T-34 – Mice VS Cats – Part 4


In case if you missed it, here is the previous part.

Volgograd Tractor Plant AKA Stalingrad Tractor Factory (STZ).

It was located in the city of Stalingrad (modern Volgograd). Initially this factory did nothing else but just assembled T-34s using parts they received from factory No. 183  . During 1940 Stalingrad Tractor Factory managed to build 23 T-34s, but only six were accepted good enough for any use.

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One of early 1941 T-34s build on STZ with welded turret,  serial “№ 14 08199″.  Thanks to Alexey Khlopotov’s personal blog for provided photos.

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Another early model from 1941 made by STZ, this time with casted turret.

During 1941 Stalingrad Tractor Plant managed to produce 1250 T-34 tanks. This is extremely good number if to consider that every other factory literally ceased existing. Nobody could even supply with any extra details. At that time  Stalingrad Tractor factory had to  became 100% self sufficient. It means they produced everything itself including  B-2 diesel engines. When it comes to B-2 engine production it was an epic process on its own. Initially even factory No. 183 failed to produced somewhat but working engines. It looks like October was the worst time period to soviets and instead of missing B-2 diesel engines, soviets send to STZ old M-17 gasoline engines. Most of them were not in working condition and repair was needed.

Total production of T-34 fitted with M-17 gasoline engine at STZ factory
October 15
November 85
December 97
January 134
February 135
March 95
April 2
In total 563

Even when it comes to M-17 version of T-34 they were produced in two different versions. One model used purely gasoline, while second model used gasoline just to start the engine. After engine was started it used kerosene. As soon as STZ factory  managed to make B-2 engines in sufficient numbers remaining M-17 engines were send to factory No. 112.

T-34s hulls and turrets were produced at factory No. 264, also based in Stalingrad. Factory No. 264 suffered from quality control, and really bad quality welding process. At a time 68% of hulls had a cracks and were not good enough for anything, but just scrapping.  Also factory No. 264 technically was not able to produce cast turret, instead turrets were welded using rolled armour steel. In theory turrets made from rolled armoured steel supposed to be superior to casted turrets, but because of quality issues it wasn’t the case with factory No. 264.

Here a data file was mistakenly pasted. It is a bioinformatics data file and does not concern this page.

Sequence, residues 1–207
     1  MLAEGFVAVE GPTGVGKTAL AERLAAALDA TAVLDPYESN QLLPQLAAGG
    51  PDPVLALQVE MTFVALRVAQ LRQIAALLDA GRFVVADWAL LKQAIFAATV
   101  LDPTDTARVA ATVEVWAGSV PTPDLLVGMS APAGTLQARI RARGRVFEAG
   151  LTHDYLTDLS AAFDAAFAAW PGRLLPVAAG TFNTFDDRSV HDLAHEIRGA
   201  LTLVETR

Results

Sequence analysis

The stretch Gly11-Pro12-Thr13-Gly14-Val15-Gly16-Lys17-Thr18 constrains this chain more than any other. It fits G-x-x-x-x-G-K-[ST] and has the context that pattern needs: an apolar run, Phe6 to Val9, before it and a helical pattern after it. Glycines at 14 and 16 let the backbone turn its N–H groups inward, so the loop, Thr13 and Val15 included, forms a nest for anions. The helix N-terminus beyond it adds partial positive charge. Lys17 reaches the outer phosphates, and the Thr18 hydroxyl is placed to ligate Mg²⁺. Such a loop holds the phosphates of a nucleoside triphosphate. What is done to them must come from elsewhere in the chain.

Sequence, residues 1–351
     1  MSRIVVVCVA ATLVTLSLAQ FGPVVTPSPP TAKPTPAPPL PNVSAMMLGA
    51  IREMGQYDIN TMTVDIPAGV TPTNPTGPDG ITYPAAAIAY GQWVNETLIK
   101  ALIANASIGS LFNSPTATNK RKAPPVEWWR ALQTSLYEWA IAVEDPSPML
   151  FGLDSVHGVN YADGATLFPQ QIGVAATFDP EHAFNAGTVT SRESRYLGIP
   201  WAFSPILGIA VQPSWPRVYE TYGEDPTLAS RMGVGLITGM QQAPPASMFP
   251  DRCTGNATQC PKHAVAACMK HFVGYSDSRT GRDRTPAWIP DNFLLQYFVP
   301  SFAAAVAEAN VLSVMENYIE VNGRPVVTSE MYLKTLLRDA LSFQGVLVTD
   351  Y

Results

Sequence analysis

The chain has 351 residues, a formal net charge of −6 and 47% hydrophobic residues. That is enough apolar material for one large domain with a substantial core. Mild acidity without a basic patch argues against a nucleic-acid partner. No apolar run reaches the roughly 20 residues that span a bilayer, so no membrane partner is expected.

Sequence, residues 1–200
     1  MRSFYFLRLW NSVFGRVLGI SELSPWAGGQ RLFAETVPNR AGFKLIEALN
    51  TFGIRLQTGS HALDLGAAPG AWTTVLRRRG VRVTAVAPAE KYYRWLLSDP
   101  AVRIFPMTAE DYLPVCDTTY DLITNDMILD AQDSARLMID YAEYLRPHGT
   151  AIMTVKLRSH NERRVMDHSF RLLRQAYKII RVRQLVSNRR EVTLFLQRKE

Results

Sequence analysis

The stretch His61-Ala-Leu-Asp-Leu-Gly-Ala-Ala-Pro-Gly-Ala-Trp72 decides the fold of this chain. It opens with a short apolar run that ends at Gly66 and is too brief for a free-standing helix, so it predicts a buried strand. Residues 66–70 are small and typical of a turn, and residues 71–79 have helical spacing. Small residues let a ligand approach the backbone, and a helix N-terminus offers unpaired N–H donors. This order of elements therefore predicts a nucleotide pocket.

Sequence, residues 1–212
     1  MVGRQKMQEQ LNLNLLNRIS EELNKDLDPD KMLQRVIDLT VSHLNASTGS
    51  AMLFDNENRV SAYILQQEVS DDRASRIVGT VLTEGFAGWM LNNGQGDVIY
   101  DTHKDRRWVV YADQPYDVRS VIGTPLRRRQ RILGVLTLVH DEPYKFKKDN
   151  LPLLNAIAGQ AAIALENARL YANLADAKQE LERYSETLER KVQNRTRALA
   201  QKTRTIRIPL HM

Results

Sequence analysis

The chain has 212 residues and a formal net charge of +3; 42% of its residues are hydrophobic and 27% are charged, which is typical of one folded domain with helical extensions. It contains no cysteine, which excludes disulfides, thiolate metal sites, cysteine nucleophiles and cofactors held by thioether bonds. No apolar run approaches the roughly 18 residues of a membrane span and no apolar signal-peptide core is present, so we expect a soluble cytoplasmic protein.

During  October 1941 – spring 1942 STZ factory was the only one that managed to produce any serious number of tanks. All other plants were either destroyed or dismantled and on their way to Ural or Siberia.

Peak of the production came in July 1943. At that time plant produced 421 T-34s. Those tanks were really bad quality. It wasn’t enough not just details and but also not enough right raw materials. Tanks were simplified to extreme. Instead of copper pipes steel was used. As result those pipes rusted and leaked. Fuel tanks were not brazed and also leaked. Instead of aluminum, bronze or brass iron was used. Instead of steel cast iron. Actually it wasn’t the end. Tank production on that plant continued even during August 1943. The last 50 tanks that left the plant were not complete. It was decided to put into action whatever was drivable. Their crews where composed not from army tank crews, but from the same workers who assembled those tanks. From the rest of the workers  militia was formed and they were also put into action.

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Here is one of very few remaining T-34s made by  STZ somewhere in 1942. You can see its specific turret and up armouring.

Stalingrad Tractor Factory was nowhere to evacuate because of Volga river. So in august 1943 it simply ceased existing. In total Stalingrad Tractor Factory made 2394 T-34s.


One of T-34s produced by Stalingrad Tractor Factory in summer 1942

Later on it will be shown comprehensive table with T-34 production prices.  Unfortunately when it comes to STZ there is no way to estimate these numbers. Probably every tank they made was different. They used not what they wanted, but whatever was available. I will be not surprised if they cut off some details out of wood. How much was their T-34 simplified? Quite a lot.  For example some details that needed 20 hours of milling were made just within one hour.

 If you still have an interest here is the next part